Traditionally the twin objectives of high speed and high levels of service yield an infrastructure agenda that consists almost entirely of plans to build new streets and roads, and to widen, straighten, and flatten existing ones. It was in response to this culture of “transportation as if nothing else mattered” that transportation agencies began to suffer the wrath of an outraged public. It was this sentiment that sparked the “asphalt rebellion” that has across the country, and the federal historic and environmental protection laws of the 1960′s.
But even before the advent of federal transportation legislation through ISTEA in 1991, federal, and in some cases state and municipal transportation policy was beginning to change. By 1995, the National Highway System Act would state that highway design “may take into account…[in addition to safety, durability, and economy of maintenance]… (A) the constructed and natural environment of the area; (B) the environmental, scenic, aesthetic, historic, community, and preservation impacts of the activity; and (C) access for other modes of transportation. At the same time, federally-approved standards were removed for local roads, even if those roads received federal aid — effectively turning the question of standards over to state transportation agencies.
With these legal underpinnings in place, training programs and education have begun to occupy center stage. The Federal Highway Administration has led the way with the publication of Flexibility in Highway Design. The concept of “thinking beyond the pavement” was launched by a 1998 conference at the University of Maryland sponsored by many transportation and advocacy organizations; it was attended by 325 invited participants from 39 states and the District of Columbia. The AASHTO Green Book, never as inflexible as some thought, shows even more flexibility in its 2001 edition. And the issue of liability under state law for departing from”standards” has proved to be less intractable as well.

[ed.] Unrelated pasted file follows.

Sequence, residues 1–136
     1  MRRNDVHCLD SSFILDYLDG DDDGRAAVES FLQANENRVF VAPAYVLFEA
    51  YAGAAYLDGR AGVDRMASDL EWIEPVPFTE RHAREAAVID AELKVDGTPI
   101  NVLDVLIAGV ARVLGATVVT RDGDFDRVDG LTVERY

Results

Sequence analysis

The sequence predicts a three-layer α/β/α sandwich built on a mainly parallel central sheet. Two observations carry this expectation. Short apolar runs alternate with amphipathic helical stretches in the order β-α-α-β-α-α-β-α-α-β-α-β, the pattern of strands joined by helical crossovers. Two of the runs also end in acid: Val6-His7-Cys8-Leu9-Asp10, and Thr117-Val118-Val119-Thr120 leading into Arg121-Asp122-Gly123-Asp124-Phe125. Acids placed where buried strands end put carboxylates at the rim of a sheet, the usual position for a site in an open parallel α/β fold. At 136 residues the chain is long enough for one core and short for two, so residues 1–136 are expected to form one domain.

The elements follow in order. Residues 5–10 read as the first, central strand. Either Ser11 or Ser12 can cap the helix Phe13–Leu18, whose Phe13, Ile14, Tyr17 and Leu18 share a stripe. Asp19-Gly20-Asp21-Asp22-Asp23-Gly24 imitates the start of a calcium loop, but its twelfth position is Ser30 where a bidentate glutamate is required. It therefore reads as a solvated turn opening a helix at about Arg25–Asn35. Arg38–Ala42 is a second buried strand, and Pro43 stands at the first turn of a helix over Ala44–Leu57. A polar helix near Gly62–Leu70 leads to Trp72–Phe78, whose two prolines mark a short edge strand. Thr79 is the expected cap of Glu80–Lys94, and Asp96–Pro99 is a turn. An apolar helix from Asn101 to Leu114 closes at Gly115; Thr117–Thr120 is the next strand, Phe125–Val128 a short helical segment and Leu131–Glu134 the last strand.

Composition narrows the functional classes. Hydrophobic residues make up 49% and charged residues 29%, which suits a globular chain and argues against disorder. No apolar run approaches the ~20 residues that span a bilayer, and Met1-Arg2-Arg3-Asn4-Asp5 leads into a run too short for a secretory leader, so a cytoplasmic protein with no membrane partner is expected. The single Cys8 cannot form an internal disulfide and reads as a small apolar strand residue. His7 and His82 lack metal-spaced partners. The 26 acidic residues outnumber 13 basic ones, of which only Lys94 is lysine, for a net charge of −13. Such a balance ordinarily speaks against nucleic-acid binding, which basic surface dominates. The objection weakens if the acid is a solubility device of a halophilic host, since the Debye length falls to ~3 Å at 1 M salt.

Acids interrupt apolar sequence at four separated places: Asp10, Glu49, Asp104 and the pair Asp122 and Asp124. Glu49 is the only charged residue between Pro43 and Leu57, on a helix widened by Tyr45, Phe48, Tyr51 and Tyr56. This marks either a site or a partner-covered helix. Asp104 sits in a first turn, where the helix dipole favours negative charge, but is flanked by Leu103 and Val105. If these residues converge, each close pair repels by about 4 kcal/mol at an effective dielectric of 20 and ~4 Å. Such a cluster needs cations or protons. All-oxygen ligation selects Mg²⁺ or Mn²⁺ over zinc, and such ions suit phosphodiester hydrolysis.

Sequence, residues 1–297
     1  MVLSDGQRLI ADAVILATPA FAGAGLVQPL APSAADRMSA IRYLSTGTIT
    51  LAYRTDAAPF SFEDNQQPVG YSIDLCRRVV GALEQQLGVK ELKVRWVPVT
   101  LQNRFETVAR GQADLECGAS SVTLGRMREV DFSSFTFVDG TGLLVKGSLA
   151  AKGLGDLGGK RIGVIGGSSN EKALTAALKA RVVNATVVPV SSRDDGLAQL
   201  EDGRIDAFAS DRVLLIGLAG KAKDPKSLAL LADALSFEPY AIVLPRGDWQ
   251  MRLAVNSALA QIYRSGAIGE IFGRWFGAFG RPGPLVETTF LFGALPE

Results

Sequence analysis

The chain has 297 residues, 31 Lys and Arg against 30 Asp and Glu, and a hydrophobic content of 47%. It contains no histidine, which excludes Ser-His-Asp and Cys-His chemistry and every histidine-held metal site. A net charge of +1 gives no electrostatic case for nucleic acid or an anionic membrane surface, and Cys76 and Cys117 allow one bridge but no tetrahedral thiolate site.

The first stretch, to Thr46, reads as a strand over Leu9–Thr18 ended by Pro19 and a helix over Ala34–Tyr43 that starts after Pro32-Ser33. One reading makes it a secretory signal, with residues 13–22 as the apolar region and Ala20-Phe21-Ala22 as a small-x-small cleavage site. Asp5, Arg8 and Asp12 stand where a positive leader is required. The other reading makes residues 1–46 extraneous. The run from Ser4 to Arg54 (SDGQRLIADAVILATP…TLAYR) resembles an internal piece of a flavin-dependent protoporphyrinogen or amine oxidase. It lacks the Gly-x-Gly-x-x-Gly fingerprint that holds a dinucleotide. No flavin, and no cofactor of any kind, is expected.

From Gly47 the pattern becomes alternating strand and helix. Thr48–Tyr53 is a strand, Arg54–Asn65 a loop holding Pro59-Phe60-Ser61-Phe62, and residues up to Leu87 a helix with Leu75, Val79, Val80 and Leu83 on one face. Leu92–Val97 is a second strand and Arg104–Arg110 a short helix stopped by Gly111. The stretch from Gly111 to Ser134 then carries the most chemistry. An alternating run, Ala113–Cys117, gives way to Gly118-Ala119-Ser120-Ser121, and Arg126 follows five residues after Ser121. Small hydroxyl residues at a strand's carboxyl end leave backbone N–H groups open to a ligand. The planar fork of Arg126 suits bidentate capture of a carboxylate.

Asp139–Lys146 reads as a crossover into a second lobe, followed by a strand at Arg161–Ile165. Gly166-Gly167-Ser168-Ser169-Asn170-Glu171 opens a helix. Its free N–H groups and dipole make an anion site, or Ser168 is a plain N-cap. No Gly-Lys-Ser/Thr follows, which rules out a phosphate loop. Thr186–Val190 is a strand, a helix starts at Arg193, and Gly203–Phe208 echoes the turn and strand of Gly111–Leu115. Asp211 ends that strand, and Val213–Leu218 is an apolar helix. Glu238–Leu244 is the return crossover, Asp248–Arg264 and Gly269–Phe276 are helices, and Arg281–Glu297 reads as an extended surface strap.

In 2000, the FHWA designated five state DOTs (Maryland, Connecticut, Utah, Kentucky and Minnesota) to pilot Context Sensitive Design programs aimed at a thorough review of agency standards and procedures, but also of agency organization, the transportation planning process, and training. Since then, these five states, plus others like New Jersey that had already begun the “culture change” process on their own, have developed an increasing body of information that is being shared with other agencies through conferences, publications, and training programs. New leaders in transportation engineering are beginning to emphasize the importance of context sensitive solutions, building a momentum that is spreading to practitioners across the country. “It’s important to put together a transportation system that considers quality of life…The bottom line is, we have the tools to do it — we just need to implement them,” says Tom Warne, formerly both Executive Director of the Utah Department of Transportation and President of AASHTO.
CSS posits a new role for the transportation professional: as a resource to communities and public policy decisionmakers; it requires a commitment to much greater public involvement. Does this mean “caving in” to the public? Not at all. It means, rather, providing the technical expertise and information necessary for a community to make its own informed decisions — a necessity in a democracy.